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French prosecutors secretly plotted Google raid for close to a year

French prosecutors determination to crackdown on alleged tax avoidance by Google has been laid bare by revelations that the prosecutor’s office spent almost a year plotting a dramatic raid on the search giant’s Paris base with 100 investigators in tow.

The sudden move caught Google completely by surprise with the business now facing the prospect of a $1.8bn fine after French financial prosecutor Eliane Houlette went to extreme lengths to keep her intentions secret, referring to Google only by the codename ‘Tulip’ to prevent anyone from the business from getting wind of their raid.

Speaking to Europe 1 Houlette said: “We’ve dealt [with this investigation] in complete secret given this company’s business. In order to protect this secret, we decided that we would give another name to Google and never pronounce Google’s name — Tulip. And we’ve worked offline on this investigation for nearly a year. We used one computer, but only as a word processor.”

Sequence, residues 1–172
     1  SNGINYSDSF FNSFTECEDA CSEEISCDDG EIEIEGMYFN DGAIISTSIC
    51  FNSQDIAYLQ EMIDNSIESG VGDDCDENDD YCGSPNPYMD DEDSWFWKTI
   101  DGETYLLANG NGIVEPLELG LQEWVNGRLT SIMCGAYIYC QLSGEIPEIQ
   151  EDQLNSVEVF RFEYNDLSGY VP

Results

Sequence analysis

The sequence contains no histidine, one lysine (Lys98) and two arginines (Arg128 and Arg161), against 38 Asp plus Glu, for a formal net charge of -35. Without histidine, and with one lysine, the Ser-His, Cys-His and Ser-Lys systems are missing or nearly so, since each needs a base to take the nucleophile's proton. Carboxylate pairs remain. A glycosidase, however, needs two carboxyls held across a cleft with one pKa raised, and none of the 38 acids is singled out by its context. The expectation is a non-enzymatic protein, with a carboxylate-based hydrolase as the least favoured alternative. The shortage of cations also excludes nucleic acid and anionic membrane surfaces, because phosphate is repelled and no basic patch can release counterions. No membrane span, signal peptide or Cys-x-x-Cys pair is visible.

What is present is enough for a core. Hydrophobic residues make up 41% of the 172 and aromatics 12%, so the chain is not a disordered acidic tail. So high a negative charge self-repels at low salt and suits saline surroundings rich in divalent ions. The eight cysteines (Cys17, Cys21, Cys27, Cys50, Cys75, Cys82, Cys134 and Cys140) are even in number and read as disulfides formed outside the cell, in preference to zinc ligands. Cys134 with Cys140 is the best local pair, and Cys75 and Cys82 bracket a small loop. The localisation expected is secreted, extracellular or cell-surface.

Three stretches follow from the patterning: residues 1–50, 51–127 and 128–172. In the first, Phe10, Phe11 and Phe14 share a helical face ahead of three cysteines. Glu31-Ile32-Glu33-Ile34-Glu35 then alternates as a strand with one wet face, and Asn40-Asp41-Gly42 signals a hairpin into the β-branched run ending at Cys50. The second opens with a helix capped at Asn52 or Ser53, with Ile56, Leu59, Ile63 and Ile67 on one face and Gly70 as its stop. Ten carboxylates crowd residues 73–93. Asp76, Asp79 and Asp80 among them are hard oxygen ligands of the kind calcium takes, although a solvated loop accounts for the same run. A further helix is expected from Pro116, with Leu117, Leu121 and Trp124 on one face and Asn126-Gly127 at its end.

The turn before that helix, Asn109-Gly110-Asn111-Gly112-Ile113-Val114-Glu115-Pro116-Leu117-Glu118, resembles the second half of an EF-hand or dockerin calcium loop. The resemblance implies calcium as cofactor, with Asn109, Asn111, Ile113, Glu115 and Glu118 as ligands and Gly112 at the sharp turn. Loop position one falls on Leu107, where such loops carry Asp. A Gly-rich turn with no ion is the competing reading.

France has thus far ruled out striking a deal with Google along the lines of that agreed in the UK, choosing instead to play hardball amidst the prospect of a bitter trial which could drag on for years.

Google has been under the spotlight in France (and elsewhere) over its tax affairs, with the majority of revenue routed to its European HQ in Ireland in order to minimise its liabilities.